Experimentation has revealed that the above-described normalization procedure significantly reduces instrument-to-instrument variations in test sample measurements, including turbidimetric microalbumin assays. This improvement may be observed through comparison of FIG. 2a and 2b, which respectively plot data (with 1 SD error bars) obtained from a 100 mg/L microalbumin sample in 28 instruments before and after normalization. In FIG. 2a, the unnormalized albumin concentration results vary at about plus or minus 12% from the mean of all instruments, whereas in FIG. 2b, the normalized albumin concentration results are within about plus or minus 5% of the mean.
Bias spreads for the original and normalized albumin are presented in Table 1 below. Normalization with the 20° LSD filters significantly improved the biases for the albumin assay across the instruments tested.
TABLE 1______________________________________Instrument to Instrument Variability of the Albumin Assay Within Between Instrument Instrument OverallAlbumin Bias spread % C.V. % C.V. % C.V.______________________________________Not Normalized:20 mg/L 11.6% 3.9% 2.7% 4.7%100 mg/L 17.4% 2.3% 4.7% 5.2%300 mg/L 15.3% 2.3% 4.2% 4.8%Normalized:20 mg/L 6.1% 3.8% 1.4% 4.0%100 mg/L 6.2% 2.3% 1.8% 2.9%300 mg/L 8.5% 2.2% 1.9% 2.9%______________________________________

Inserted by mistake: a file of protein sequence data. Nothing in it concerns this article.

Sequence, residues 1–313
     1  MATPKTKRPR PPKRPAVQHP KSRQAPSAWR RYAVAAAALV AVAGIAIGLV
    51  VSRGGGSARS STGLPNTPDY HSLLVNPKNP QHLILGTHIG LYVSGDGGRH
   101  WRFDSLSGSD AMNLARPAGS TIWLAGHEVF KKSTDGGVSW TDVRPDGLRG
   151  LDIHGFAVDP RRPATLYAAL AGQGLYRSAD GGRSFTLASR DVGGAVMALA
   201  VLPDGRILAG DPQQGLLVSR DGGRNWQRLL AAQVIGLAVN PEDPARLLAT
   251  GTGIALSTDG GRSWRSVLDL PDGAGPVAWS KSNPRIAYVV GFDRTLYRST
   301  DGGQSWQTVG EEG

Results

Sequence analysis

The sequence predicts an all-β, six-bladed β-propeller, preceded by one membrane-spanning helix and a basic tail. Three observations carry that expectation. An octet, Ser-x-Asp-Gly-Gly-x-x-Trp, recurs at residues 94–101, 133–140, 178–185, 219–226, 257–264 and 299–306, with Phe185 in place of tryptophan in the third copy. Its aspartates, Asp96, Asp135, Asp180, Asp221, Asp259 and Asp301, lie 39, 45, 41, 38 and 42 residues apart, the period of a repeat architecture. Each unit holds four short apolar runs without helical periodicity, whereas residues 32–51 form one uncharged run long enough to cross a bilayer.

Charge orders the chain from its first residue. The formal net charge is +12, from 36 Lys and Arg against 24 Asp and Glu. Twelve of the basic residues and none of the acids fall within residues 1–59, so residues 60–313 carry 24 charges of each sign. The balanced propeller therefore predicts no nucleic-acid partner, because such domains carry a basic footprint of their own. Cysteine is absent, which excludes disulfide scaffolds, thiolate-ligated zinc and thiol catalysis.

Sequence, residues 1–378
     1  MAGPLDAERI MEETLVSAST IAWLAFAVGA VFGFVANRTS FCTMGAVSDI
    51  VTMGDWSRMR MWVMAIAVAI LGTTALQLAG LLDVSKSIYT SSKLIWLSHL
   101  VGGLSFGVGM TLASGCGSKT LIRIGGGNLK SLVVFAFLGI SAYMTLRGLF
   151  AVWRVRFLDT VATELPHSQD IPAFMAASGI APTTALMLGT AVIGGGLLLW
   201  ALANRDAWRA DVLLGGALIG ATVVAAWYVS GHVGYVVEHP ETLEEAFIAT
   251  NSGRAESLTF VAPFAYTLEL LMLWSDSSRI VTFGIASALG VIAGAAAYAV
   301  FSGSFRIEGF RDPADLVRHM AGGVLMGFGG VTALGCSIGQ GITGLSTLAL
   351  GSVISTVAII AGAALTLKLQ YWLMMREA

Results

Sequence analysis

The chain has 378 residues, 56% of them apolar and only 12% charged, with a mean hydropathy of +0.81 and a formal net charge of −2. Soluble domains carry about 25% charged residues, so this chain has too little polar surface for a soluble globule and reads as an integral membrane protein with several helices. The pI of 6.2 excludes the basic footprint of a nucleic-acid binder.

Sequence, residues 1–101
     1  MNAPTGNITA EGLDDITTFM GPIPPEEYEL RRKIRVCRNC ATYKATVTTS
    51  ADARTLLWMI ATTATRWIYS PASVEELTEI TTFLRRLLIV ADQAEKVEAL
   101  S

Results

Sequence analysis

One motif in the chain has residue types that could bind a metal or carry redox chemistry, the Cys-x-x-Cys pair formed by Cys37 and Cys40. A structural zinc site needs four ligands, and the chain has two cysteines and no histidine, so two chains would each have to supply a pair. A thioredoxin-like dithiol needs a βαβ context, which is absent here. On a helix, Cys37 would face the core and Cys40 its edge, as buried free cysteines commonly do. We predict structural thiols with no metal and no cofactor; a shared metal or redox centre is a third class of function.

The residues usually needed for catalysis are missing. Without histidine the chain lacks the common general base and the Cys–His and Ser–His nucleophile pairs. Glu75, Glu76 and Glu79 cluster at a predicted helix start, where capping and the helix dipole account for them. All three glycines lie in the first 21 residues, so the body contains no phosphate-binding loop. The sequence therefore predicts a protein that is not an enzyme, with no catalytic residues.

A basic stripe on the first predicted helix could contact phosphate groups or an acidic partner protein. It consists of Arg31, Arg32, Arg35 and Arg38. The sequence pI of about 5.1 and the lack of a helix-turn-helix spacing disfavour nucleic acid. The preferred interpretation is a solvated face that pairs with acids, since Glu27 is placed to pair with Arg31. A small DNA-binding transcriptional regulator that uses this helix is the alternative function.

While the present invention has been described with reference to one or more particular embodiments, those skilled in the art will recognize that many changes may be made thereto without departing from the spirit and scope of the present invention. Each of these embodiments and obvious variations thereof is contemplated as falling within the spirit and scope of the claimed invention, which is set forth in the following claims.
|Cited Patent||Filing date||Publication date||Applicant||Title|